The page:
Seventy-nine years ago this month the stock market crashed big, just a year after the election that won Herbert Hoover the Presidential election. The US economy seized up, and the Roaring Twenties died down to an asthmatic wheeze. Black Tuesday, October 29, 1929.
As Commerce Secretary in Calvin Coolidge’s Presidency, Hoover had gained visibility in ’27, through his quick, effective, and humane response to the Great Mississippi River Flood, which breached levees, swamped millions of acres, and made thousands of people homeless.
A pro-regulation, anti-laissez-faire Republican, President Hoover revoked private oil leases on government-owned land, closed tax loopholes for the wealthy, and unsuccessfully pushed for lower taxes for low-income Americans. He worked hard for Native American rights, reversing a long history of abuses—not least of all, he chose Charles Curtis, a descendant of Native people, raised on the Kaw reservation, as his Vice President.
By today’s standards he would probably be called a liberal—or, at the very least, a compassionate conservative.
Still, he supported volunteerism over government intervention to address the nation’s vexing social problems—as wealth accumulated into the hands of fewer and fewer of the privileged. To assuage Americans’ fears of losing jobs to immigrants, he forced half a million Mexicans to return to Mexico—accomplishing on a smaller scale (roughly one-fortieth) what right-wingers today dream of. Under his watch, the crash of the stock market became the single worst financial disaster in US history.
Strange and somehow funny, isn’t it, how, despite 80 years in between, the issues that have dominated the George W. Bush Presidency mirror—in distorted funhouse fashion—those that occupied the Hoover White House?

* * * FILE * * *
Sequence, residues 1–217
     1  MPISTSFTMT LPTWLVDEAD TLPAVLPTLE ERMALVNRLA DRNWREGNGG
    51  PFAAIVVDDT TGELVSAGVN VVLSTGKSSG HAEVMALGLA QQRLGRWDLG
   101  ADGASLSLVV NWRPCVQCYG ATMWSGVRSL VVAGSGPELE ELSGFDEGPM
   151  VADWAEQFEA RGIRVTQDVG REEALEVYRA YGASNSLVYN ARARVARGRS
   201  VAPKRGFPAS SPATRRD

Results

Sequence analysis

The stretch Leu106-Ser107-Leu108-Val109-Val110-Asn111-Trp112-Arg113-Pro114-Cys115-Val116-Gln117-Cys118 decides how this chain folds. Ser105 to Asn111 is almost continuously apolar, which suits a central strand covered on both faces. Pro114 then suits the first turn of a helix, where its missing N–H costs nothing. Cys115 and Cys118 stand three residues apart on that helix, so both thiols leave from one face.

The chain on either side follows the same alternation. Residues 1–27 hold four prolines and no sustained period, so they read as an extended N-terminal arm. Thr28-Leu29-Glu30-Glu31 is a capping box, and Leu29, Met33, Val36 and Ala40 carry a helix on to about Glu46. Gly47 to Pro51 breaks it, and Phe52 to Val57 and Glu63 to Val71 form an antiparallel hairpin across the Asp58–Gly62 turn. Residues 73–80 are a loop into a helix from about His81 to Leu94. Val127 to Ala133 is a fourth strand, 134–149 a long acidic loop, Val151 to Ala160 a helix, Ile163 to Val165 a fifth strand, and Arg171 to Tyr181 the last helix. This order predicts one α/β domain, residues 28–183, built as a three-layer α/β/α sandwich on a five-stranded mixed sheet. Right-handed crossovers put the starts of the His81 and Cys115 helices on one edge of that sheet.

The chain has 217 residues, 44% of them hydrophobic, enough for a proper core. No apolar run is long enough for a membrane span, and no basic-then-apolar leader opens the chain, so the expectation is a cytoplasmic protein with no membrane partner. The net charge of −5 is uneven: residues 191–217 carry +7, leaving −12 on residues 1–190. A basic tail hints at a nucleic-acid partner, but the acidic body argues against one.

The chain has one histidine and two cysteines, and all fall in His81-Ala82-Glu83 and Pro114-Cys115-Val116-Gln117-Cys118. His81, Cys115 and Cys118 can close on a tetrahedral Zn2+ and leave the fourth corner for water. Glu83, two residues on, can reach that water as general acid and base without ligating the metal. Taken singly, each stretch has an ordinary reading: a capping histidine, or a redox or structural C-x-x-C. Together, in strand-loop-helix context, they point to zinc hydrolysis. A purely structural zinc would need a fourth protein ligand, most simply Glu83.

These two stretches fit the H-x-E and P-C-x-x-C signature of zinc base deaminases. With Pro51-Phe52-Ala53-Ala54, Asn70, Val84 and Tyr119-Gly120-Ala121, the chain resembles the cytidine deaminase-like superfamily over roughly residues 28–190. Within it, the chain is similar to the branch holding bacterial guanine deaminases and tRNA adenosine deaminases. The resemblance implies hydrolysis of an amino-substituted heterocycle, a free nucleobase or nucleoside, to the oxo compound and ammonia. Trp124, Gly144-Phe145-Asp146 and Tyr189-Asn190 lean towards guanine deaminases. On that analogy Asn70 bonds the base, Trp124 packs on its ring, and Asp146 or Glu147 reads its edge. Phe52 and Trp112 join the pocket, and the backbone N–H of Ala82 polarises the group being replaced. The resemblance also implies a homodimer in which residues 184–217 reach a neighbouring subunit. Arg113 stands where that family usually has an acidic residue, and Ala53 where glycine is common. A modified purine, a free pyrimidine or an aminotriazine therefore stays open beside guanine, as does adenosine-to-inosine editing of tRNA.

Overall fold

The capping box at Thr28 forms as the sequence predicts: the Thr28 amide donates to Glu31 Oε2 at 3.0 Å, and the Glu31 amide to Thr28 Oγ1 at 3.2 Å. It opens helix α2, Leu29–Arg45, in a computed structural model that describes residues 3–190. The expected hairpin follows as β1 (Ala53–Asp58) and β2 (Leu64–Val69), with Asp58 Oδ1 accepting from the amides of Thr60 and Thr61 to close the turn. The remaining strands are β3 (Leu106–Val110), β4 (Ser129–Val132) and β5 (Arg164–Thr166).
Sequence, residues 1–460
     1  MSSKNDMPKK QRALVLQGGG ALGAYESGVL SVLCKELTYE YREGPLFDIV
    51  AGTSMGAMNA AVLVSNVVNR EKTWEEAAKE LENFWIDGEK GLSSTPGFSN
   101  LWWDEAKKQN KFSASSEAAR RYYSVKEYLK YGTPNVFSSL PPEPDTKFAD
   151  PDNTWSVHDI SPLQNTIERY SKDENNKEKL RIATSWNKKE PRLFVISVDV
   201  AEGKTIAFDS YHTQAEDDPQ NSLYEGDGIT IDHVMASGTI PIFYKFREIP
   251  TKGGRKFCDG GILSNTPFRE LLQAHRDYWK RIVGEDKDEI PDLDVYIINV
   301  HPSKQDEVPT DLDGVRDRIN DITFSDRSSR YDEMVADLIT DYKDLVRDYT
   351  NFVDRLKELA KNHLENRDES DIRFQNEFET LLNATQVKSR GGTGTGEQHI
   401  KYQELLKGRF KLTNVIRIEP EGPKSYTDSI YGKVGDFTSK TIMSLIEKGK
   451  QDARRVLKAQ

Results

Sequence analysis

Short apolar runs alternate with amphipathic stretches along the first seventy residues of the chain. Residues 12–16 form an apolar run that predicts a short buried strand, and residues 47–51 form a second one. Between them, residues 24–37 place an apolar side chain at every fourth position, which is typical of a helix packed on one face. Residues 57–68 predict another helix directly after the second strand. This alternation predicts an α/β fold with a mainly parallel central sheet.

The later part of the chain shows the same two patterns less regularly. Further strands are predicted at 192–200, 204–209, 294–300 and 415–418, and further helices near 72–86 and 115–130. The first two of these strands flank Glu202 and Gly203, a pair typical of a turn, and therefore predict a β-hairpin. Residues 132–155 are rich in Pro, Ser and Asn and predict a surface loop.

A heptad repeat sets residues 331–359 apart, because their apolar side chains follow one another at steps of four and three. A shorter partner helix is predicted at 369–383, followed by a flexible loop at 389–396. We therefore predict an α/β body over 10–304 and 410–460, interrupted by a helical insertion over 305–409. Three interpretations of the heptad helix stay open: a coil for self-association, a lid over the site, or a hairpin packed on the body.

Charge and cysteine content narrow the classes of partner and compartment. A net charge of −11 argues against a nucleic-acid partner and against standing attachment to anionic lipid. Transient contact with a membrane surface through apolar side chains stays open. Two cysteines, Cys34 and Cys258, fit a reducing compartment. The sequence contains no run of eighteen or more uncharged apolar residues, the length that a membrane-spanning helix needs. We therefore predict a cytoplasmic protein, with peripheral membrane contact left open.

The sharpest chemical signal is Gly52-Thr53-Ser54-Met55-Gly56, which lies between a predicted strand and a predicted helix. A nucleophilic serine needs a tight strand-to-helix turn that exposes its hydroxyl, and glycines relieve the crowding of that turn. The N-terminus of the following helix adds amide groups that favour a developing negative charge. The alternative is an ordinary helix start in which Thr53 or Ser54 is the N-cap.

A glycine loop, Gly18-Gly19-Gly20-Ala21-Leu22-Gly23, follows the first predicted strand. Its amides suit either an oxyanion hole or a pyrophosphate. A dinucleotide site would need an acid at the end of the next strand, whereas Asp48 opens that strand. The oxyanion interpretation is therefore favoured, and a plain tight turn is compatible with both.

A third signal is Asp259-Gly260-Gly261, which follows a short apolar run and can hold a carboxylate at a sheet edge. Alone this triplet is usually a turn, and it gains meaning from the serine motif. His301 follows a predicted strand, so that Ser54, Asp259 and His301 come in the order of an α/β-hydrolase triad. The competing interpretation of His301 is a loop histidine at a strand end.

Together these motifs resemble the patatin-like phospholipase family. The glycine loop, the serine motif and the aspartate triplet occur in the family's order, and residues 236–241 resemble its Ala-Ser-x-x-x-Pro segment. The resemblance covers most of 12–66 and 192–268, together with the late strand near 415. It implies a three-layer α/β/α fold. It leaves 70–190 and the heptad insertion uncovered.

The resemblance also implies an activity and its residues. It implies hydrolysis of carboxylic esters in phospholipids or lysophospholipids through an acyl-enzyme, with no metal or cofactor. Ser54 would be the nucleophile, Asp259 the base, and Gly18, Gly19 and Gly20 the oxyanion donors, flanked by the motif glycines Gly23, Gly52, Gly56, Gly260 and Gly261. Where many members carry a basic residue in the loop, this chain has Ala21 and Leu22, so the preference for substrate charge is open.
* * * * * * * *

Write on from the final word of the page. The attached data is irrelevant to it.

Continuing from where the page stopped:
Bush, of course, is famously anti-regulation, pro-oil, and slow to respond to natural disasters. But it’s interesting how the issues facing these two Presidents cut across each other.
When the Great Depression struck, people who lost their homes built ramshackle shacks and erected tents, building neighborhoods of impoverished men, women, and children in public areas of the major US cities, from the Port of Seattle to Central Park in New York.
Charles Michelson, chief of publicity for the Democratic National Convention back then, dubbed the impromptu housing projects “Hoovervilles.”
Howard Zinn wrote of this period,
“A socialist critic would … say that the capitalist system was by its nature unsound: a system driven by the one overriding motive of corporate profit and therefore unstable, unpredictable, and blind to human needs. The result of all that: depression for many of its people, and periodic crises for almost everybody. Capitalism, despite its attempts at self-reform, its organization for better control, was still in 1929 a sick and undependable system.” (1)
This past spring, BBC News covered new tent camps—dubbed “Bushvilles”—popping up across the nation as a result of the rash of mortgage foreclosures. The parallels are, of course, startling.
Nobody wants a replay of the Great D, and it’s unfair to single out the Bush Administration for blame on problems that have been in the making bipartisanly for decades—though arguably Bush et al. have blithely pushed matters over the edge.
Bush’s “ownership society” seems to be crashing on our never-too-terrorized-to-go-shopping heads.
(1) Zinn, Howard. A People’s History of the United States: 1492-Present. New York: Harper, 2003.